The way they work is that the file is encrypted using a master password that you know. So to anyone without that, it’s unreadable. That’s how you can have it managed by a company on the cloud. Even they don’t see your passwords as it is encrypted by the client application (whether that’s a Windows PC browser plugin or something for iPad). All that gets sent up and down is the encrypted file.

    I can’t recommend mine as it doesn’t work on iPad, but I know people who use LastPass successfully.

  10. I use paired registration numbers of my vehicles and simply name them as a reminder. e.g. XBB497HVNL42J as a password and they are listed against the relevant website as Viva and Honda (the family Vauxhall Viva and the Honda motorcycle I owned years ago). Since then, the various registration numbers and vehicle types I have owned permit a good selection of such passwords.

    Sufficiently random and obscure enough to be unguessable. I write them down in a notebook I keep to hand. It is difficult to hack a notebook electronically, or so I believe.

  11. Make a single really strong password and commit to memory. Iterate one digit for each site Nd memotise the important ones. Keep the iterated digit only in a spreadsheet somewhere, ideally not on any kind of cloud service. If any one gets busted it should buy you enough time to change everything.

  12. LastPass free user here. The LogMeIn link is regrettable but there has been little sign of problems resulting from it yet, and the firm does seem to follow good security practice from what we can see. I would add that you should enable two factor authentication everywhere that supports it too. Authy is a decent app/browser extension to stop you having to have a million code generator apps on your phone.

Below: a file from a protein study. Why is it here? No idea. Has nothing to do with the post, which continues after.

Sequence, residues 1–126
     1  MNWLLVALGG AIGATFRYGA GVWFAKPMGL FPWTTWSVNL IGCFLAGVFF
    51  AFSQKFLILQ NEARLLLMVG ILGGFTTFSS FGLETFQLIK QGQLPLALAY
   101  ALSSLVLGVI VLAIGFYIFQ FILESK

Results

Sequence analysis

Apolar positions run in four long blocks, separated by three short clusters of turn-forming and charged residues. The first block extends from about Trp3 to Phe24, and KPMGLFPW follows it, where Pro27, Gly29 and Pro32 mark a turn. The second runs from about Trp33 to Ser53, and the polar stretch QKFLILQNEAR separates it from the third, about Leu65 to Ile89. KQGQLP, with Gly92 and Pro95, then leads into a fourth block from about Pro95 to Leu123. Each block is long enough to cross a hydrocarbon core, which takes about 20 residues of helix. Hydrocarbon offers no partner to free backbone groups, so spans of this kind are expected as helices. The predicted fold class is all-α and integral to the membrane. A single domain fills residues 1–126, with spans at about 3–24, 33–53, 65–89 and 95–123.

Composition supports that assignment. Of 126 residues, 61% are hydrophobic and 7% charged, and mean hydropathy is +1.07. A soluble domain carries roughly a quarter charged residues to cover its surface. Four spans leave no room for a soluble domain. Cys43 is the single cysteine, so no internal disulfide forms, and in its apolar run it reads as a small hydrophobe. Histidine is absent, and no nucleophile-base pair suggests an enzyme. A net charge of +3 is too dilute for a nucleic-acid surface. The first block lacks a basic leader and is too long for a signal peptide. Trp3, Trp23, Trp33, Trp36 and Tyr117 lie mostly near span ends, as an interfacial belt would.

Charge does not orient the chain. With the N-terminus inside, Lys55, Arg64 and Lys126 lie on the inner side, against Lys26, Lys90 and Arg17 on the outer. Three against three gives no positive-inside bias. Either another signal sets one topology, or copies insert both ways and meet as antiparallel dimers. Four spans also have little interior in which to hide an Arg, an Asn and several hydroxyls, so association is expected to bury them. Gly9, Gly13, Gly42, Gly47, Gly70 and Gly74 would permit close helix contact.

13. +1 for Lastpass – use two-factor authentication for extra security. The built-in password generator is very handy, so each site can have a separate one. I’ll be checking out 1Password after the other comments here though…

  14. About three-quarters of my sites require a password, but they have no need of security. I have the same password for all.

    For sites with money, I use a system like BiG describes. A longish password with a different code attached, which runs off the name of the site, but which I can figure out each time.

    I have my bank send a confirmation text for any transactions, because it is the only site where I could be seriously compromised.

  15. BiG has it right. One master password stub that is complex and decorate it.
    For email add an E on the front and an M on the end, facebook an F and a B and so on.

  16. Been using 1Password at home for years but use lastpass at work. Never had problems with 1Password but lastpass seems to have problems picking up and storing changed passwords so I have to update manually.